Boston is a city of neighborhoods. Beacon Hill dates from the 18th century and features cobblestone streets, gaslights and brick front Georgian townhouses. Back Bay was built a century later by the Boston elite and contains gorgeous Victorian townhouses with wide streets and small front gardens. It also includes the fanciest shopping area in Boston, along lower Newbury and Boylston streets plus the Prudential Center and Copley Place shopping centers. The old North End, which dates from Colonial times, still retains much of its strong Italian heritage. The South End is a vibrant newly restored, cosmopolitan district and includes the Theater District and many of the best restaurants. Bay Village is a charming historic part of the South End. The Harbor area is also newly renovated. Many wharves have been recycled as high-end condominiums. Chinatown is Boston’s center for the Asian community. The Fenway area, which is closest to the hospitals and includes Fenway Ball Park, has a particularly high concentration of student housing, cultural organizations and parkland.
Charlestown, Brighton, Allston, South Boston, East Boston, Roxbury, Dorchester, Mattapan, Jamaica Plain, West Roxbury, Hyde Park and Roslindale are other Boston neighborhoods. These are described in more detail at the Boston Neighborhoods website. Some housestaff have recently purchased homes in parts of Jamaica Plain, West Roxbury and Dedham, which are reasonably close to the Longwood Medical Area.
Brookline is a very high quality suburb that begins just 3 blocks west of the Longwood Medical Area. It has superb schools and shops and multiple subway lines. Although homes in Brookline are extraordinarily expensive, condominiums and apartments are more reasonably priced, and many interns and residents live there.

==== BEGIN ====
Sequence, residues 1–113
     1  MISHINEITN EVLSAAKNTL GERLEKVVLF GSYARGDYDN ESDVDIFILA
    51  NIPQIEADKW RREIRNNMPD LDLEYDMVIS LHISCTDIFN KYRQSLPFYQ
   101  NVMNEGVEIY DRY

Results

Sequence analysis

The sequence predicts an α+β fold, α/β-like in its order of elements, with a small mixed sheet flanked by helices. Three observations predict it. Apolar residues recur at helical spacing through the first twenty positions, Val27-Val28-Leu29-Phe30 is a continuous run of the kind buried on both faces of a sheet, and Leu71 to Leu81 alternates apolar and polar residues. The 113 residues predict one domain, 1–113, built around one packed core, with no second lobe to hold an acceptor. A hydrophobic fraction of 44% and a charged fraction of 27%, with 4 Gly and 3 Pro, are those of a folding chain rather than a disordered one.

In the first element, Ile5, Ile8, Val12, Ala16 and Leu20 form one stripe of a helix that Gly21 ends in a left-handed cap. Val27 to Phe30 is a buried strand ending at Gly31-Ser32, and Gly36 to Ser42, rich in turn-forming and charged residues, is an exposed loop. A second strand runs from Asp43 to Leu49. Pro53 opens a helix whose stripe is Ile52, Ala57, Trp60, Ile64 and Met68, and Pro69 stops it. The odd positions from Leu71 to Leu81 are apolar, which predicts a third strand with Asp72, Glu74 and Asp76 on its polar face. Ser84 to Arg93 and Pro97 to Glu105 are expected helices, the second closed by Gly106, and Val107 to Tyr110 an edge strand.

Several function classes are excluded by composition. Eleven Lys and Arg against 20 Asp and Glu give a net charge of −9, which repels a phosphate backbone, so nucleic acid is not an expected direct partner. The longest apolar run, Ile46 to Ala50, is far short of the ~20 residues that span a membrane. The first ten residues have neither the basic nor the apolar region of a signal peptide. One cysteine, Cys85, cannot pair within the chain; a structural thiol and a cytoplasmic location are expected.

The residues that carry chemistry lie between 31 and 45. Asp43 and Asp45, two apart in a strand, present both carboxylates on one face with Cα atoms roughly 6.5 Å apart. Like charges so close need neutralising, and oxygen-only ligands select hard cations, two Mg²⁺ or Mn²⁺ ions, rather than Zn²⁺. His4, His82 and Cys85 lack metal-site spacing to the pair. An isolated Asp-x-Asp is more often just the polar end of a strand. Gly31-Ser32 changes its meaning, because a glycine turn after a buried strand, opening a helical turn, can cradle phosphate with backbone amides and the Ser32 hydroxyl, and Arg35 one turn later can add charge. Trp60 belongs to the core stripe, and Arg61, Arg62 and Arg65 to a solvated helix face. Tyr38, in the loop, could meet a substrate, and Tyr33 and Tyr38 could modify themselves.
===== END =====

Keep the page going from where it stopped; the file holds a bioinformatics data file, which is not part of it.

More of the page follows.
Cambridge lies just across the Charles River from Boston and is home to Harvard University and MIT. Many housestaff enjoy the intellectual ferment of Cambridge and live in the residential areas near Harvard Square. There is a regular shuttle bus from Harvard Square to Harvard Medical School and good subway connections.
There is a useful map defining the level of education of those who live in various communities throughout metropolitan Boston.
Greater Boston is actually a conglomerate of over 100 small to medium-sized towns and villages, most of which were incorporated in the 17th and 18th centuries. As such it differs greatly from the more homogeneous towns in many other parts of the country, because each of the Greater Boston communities has its own character, government and school system. The range of variation is quite remarkable. Marblehead is centered on sailing, Lincoln and Hamilton on horseback riding, Lexington and Concord on colonial history, and so on. The Boston Globe has a recent article on the best places to live in greater Boston. In addition, Children’s Hospital has created a downloadable brochure that contains useful advice and data about local communities, transportation, relevant phone numbers, housing searches, the CHB Lease Guarantee Program, Harvard and Children’s housing resources and voter registration.